Saxophonist Matthias Roth first came to Eastman as a Summer student. In 2018, he participated in Eastman Experience: Summer Classical Studies, and the following two summers he enrolled in the Eastman Summer Saxophone Institute for 2019 and 2020. Matthias went on to enroll at Eastman and is currently a sophomore in the studio of Chien-Kwan Lin.
For this blog post, we interviewed Matthias and the Summer saxophone faculty (Summer Classical Studies’ Dr. Chisato Eda Marling and Eastman Summer Saxophone Institute’s Chien-Kwan Lin) to get their thoughts on the importance of Summer study, and how Eastman’s Summer programs can help young musicians prepare for a future in music.
From Matthias Roth, ECMS Summer Classical Studies and Eastman Summer Saxophone Institute student, ESM Class of 2025:
Q: Do you remember what attracted you to Summer Classical Studies?
A: It’s hard to choose only a few memories. I had a very great group of friends that I hung out with, and in that short span of time we did a lot together. An interesting memory that comes to mind was when I ended up playing duets with a cellist. Now, I’m a saxophone player, and we really don’t get to play with strings at all. But there I was, playing Metallica on a baritone saxophone with a cellist! This wasn’t the only random jam session that happened; there were multiple instances of my friends and I going to a practice room and just playing music together. The tacit understanding that we all loved doing what we were doing just made these moments that much more special. There really isn’t anything better than being surrounded by people who love to do the same things you do, and who encourage you to keep doing that special thing.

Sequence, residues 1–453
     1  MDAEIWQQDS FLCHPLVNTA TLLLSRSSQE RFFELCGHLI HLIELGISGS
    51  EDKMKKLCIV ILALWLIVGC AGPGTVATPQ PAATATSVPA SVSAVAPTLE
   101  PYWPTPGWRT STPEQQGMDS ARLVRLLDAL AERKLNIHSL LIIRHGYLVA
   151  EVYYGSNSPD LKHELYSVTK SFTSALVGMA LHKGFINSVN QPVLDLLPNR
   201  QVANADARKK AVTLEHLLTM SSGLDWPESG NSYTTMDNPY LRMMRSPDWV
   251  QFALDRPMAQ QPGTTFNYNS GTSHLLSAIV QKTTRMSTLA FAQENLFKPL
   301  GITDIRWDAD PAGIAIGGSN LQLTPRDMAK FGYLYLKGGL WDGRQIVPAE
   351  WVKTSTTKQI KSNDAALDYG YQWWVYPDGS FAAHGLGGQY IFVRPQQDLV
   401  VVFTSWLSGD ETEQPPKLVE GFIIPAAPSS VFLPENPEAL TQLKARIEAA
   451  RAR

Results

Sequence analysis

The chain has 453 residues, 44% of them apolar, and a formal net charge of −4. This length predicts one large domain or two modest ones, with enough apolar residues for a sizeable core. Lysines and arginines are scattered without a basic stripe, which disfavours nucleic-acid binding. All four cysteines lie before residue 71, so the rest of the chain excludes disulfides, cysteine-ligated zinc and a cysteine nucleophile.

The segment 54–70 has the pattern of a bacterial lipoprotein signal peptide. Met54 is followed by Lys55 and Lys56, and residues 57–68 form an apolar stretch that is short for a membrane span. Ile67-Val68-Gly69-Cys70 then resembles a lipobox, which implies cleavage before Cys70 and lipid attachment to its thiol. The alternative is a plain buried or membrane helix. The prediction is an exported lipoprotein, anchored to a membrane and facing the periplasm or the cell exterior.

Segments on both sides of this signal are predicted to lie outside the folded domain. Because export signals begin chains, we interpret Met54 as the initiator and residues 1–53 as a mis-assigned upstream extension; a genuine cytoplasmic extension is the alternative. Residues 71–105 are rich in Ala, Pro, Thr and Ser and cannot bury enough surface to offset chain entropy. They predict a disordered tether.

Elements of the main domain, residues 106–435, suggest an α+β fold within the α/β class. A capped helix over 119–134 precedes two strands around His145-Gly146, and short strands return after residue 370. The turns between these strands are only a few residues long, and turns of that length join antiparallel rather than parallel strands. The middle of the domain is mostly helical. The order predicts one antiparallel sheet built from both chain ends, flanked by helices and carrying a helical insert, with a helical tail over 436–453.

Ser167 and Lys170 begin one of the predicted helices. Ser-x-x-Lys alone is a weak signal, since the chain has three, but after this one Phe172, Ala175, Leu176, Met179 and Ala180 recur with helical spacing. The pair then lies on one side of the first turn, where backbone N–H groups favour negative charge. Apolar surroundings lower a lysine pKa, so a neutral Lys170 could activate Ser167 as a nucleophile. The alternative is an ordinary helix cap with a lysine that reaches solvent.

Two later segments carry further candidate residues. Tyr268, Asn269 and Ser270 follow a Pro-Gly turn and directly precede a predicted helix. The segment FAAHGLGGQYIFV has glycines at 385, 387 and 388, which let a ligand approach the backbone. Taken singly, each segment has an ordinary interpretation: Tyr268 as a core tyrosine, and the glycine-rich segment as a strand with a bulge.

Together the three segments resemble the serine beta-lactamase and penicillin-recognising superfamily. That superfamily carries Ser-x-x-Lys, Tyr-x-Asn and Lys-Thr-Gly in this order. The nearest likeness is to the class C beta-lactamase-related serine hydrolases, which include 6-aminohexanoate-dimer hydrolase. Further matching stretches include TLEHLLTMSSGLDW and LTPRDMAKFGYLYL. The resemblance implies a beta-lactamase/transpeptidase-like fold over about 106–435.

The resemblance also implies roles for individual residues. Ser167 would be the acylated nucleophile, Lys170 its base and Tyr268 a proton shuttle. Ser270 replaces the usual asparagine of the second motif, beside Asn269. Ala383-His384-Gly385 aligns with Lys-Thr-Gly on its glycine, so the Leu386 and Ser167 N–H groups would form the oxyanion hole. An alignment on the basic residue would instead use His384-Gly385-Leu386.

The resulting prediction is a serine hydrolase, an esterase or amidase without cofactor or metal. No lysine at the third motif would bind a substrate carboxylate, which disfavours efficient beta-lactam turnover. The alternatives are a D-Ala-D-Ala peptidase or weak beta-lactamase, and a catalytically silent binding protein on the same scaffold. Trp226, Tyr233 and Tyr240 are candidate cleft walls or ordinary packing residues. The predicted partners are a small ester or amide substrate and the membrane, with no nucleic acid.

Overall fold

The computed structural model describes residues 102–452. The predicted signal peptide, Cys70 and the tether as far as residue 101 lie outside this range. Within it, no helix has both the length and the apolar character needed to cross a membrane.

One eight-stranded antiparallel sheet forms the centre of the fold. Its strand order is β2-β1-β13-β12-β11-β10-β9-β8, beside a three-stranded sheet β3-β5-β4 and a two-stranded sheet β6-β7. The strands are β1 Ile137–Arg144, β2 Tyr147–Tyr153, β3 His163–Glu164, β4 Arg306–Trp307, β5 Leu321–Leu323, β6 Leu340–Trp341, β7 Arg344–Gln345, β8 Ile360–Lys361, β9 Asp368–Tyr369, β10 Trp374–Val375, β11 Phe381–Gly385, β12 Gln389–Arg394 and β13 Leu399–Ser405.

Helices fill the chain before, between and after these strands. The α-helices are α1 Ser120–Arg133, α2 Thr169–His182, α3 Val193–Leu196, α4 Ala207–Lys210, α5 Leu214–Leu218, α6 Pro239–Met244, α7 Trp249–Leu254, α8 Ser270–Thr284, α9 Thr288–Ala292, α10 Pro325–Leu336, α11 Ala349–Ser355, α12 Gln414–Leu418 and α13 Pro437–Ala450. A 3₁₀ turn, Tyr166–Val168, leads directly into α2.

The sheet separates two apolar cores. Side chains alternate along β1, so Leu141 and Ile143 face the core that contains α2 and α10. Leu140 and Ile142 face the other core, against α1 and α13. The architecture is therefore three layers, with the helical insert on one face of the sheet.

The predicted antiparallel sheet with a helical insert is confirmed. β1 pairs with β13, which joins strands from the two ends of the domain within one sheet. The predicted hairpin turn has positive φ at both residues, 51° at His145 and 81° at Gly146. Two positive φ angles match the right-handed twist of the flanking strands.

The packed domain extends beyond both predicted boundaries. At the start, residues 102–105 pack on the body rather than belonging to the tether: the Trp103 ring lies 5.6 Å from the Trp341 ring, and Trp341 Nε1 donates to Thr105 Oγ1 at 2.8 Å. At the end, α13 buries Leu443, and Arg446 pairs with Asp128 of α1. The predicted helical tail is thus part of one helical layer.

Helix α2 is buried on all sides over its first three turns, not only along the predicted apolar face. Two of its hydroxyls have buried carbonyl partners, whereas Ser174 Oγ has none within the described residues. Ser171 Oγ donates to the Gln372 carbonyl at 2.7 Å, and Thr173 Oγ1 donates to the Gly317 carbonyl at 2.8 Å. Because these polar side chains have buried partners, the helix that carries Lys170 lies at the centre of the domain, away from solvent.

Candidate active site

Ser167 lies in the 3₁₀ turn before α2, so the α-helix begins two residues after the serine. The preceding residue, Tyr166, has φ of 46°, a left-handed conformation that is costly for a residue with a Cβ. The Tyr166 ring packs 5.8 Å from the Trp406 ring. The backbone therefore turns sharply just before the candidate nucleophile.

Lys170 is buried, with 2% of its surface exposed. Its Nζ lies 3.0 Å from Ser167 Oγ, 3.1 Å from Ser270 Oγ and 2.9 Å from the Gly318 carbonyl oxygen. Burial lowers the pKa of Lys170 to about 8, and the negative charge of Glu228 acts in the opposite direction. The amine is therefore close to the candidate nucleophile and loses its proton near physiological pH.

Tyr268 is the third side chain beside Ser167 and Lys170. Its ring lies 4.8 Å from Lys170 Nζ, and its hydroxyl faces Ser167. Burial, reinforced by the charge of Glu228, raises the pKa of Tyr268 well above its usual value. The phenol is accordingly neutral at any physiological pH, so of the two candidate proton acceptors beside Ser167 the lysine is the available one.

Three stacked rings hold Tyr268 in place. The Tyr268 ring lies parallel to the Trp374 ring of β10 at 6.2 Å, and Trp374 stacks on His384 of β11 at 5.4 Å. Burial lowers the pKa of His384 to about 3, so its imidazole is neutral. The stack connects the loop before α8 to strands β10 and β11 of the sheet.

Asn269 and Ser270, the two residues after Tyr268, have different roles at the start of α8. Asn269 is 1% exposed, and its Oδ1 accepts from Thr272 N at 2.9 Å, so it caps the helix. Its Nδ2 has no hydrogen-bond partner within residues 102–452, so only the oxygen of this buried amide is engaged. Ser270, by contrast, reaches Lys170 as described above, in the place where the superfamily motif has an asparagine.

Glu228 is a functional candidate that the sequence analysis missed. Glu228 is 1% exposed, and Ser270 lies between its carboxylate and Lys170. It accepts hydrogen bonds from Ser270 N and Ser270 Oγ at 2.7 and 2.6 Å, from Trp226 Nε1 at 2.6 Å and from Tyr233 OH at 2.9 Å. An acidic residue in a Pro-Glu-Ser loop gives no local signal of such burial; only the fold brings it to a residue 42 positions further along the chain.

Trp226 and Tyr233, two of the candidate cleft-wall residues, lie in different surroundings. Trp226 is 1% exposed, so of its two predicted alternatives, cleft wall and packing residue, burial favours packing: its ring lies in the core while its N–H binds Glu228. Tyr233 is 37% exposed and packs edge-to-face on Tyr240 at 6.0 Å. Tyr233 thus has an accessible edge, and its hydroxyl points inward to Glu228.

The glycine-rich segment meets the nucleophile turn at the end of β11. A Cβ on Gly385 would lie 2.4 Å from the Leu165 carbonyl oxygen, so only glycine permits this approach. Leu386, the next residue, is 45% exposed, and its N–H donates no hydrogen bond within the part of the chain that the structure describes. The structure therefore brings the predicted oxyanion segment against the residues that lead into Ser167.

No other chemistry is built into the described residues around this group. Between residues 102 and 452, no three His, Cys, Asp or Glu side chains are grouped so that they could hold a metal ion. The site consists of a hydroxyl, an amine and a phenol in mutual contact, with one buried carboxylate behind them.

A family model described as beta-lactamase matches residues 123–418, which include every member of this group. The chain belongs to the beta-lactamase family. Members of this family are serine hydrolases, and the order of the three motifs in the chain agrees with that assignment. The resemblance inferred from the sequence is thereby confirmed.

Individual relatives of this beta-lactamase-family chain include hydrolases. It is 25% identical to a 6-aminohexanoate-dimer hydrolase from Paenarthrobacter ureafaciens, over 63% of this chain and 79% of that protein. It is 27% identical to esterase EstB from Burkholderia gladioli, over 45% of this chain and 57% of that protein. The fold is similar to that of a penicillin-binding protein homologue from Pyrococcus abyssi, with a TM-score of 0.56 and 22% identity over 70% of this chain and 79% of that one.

Q: Any special memories from your summer at Eastman?
A: It’s hard to choose only a few memories. I had a very great group of friends that I hung out with, and in that short span of time we did a lot together. An interesting memory that comes to mind when I ended up playing duets with a cellist. Now, I’m a saxophone player, and we really don’t get to play with strings at all. But there I was, playing Metallica on a baritone saxophone with a cellist. This wasn’t the only random jam session that happened; there were multiple instances of my friends and I going to a practice room and just playing music together. The tacit understanding that we all loved doing what we were doing just made these moments that much more special. There really isn’t anything better than being surrounded by people who love to do the same things you do, and who encourage you to keep doing that special thing.
Q: The program divides student’s time and focus between classes, lessons, ensembles, and performance opportunities. Which of these aspects do you feel impacted you the most and why?